Pilate is at Jesus’s mercy.
Pilate doesn’t even know it, but he’s the one on trial here, not Jesus.
There is zero suspense about how this is gonna go, because Jesus has been planning this from the foundation of the world.
Jesus holds the world in his hands, to the point that the only reason Pilate has authority as governor is because that authority has been given to him from above.
So Jesus doesn’t need to call 10,000 angels to come and fight for him.
He doesn’t need Peter to draw his sword and attack his captors.
He doesn’t need to hit somebody back when they strike him on the cheek.
He doesn’t need to play the stupid game that Barabbas is known for.
Because his purpose will prevail.
Christ’s kingdom will win out.
End of story. /
You should find that profoundly encouraging.
You should find that profoundly encouraging because that means that none of your efforts are in vain if you actually do them.
To come back to what we talked about earlier: Your evangelism will turn people to Christ in God’s timing and according to God’s will.
In the same way: Your time and effort and generosity will change the lives of the people you serve, in God’s timing and according to God’s will.
You do not need to radicalize like Barabbas. You just need to do the very basic tasks tha God has given us to do as God’s people.
And then keep doing it.
And then keep doing it.
And then keep doing it.
And God’s will will win out.
This is something that remains true even during periods when it all seems like a waste of time.
Because what happens, you’ll notice throughout history, is that even when the Church seems to fade into irrelevance – when it goes 10 years, or 20 years, or 50 years, or 150 years on the margins – when it feels like the fire has flickered out – somehow the Church never disappears.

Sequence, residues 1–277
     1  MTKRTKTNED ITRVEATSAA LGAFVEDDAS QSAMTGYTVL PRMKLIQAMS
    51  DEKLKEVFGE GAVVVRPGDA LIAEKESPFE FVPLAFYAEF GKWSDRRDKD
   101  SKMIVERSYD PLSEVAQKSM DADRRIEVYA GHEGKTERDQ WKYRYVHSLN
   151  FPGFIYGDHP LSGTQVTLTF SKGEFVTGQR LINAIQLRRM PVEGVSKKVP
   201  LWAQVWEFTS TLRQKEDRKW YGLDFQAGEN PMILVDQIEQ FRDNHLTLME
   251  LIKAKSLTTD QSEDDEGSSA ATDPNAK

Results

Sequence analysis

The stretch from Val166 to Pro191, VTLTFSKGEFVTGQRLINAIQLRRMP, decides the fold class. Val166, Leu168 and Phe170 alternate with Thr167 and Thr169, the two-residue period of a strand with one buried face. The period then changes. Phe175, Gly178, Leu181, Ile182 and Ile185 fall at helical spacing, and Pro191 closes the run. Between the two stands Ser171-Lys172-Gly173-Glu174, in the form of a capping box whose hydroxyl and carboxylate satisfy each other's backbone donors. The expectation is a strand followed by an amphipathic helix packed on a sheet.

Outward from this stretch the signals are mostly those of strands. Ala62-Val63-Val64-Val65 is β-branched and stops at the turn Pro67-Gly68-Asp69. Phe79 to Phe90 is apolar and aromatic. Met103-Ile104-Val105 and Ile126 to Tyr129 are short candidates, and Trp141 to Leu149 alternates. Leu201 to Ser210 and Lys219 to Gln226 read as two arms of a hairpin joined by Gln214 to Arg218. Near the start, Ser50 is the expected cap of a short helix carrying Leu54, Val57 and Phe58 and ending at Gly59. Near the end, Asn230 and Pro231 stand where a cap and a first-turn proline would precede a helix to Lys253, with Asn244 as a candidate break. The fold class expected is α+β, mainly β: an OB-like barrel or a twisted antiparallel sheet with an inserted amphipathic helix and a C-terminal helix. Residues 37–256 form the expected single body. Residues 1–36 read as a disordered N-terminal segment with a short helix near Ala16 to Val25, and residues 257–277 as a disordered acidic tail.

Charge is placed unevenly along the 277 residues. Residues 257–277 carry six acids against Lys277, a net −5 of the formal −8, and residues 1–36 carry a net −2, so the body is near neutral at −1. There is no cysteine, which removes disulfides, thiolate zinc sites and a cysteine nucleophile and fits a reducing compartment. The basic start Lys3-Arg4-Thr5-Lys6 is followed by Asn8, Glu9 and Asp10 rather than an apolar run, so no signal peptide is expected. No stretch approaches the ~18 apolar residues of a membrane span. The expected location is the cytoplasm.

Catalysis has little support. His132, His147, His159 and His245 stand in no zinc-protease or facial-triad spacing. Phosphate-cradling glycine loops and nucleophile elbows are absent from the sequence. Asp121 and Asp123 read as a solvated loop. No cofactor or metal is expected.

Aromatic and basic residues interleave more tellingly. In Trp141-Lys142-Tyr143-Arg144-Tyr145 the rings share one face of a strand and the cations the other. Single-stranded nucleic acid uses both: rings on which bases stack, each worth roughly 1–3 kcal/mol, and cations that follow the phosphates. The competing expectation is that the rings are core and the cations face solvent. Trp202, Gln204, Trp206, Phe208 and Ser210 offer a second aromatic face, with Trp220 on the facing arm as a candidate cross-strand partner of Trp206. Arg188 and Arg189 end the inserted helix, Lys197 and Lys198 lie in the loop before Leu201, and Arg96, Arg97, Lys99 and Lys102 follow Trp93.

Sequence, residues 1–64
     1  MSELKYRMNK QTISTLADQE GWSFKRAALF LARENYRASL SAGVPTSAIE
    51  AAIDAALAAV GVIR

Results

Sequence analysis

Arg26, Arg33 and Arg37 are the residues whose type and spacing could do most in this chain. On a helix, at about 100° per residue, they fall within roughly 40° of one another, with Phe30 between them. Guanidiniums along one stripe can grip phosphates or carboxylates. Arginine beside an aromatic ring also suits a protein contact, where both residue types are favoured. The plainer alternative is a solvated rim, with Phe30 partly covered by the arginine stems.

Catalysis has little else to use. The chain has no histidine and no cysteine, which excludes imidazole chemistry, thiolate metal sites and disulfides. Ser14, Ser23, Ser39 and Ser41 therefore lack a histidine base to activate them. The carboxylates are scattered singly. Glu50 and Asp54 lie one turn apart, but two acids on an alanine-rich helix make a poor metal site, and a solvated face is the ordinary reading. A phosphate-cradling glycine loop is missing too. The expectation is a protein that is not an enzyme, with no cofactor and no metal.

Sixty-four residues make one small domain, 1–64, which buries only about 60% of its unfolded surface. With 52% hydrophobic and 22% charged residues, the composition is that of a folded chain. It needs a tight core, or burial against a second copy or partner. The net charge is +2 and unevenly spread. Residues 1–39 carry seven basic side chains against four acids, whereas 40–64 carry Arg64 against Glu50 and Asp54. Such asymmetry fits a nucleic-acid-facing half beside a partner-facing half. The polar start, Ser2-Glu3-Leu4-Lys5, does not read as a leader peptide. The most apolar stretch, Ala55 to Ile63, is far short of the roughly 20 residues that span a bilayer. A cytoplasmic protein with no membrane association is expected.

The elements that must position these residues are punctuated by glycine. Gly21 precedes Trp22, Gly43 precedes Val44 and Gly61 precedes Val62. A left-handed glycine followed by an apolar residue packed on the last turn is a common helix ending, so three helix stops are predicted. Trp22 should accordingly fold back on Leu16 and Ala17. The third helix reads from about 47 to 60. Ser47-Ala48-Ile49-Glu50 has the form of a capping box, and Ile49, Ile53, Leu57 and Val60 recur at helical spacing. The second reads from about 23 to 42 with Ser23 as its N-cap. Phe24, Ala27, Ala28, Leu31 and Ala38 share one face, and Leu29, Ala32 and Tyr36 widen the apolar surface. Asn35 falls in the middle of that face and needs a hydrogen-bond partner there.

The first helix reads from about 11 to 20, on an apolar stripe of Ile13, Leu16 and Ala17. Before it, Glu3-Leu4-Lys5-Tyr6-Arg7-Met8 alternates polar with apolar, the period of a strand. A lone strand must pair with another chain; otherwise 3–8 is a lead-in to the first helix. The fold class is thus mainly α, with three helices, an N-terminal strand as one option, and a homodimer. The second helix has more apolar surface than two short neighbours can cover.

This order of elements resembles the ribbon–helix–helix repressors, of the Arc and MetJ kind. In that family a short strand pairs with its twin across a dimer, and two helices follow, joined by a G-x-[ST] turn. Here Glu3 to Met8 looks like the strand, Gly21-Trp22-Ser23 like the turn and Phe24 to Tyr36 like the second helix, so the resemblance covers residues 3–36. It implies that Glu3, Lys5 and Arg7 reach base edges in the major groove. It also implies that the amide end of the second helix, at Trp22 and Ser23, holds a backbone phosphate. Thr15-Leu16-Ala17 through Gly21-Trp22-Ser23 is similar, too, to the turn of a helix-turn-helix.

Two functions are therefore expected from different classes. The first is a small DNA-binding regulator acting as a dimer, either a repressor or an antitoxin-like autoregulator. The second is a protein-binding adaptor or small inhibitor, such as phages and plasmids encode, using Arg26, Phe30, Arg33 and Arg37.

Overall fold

The flicker turns into a forest fire again.
I’m ripping off a quote by a guy named Hilaire Belloc, from the early 20th Century. He famously said, “The Church is a perpetually defeated thing that always outlives her conquerors.”
Not because the Church is awesome – because the Church is usually not awesome, right? – let’s not kid ourselves. But because Christ is awesome, and Christ is sustaining us.
He’s holding us in his hands.
And he is overcoming the world in his own timing, and according to his own will.
And that means that Christ’s kingdom will win out. Period.
There is no suspense about that.
And so even if some of the things you see today frighten you, don’t forget to do a reality check.
Christ and his kingdom will outlast all of Christ’s enemies.
And so will you, because Christ is sustaining you. /
So reject the path of Barabbas, and throw yourself into the mission God has actually given you.
Devote yourself to reaching the lost and meeting people’s needs, drawing your strength, your comfort, and your confidence from the fact that Christ’s Kingdom will win out.
This is the point in the service where, typically, I would give something that we refer to as an “altar call,” but that’s not quite possible this morning, for obvious reasons. What we’re doing instead, is that as we respond to the Lord through song, we invite you to text or email me with your prayer requests, or decisions, or burdens, and we can set a time to sit down over the phone sometime the week and talk or pray through whatever is on your heart.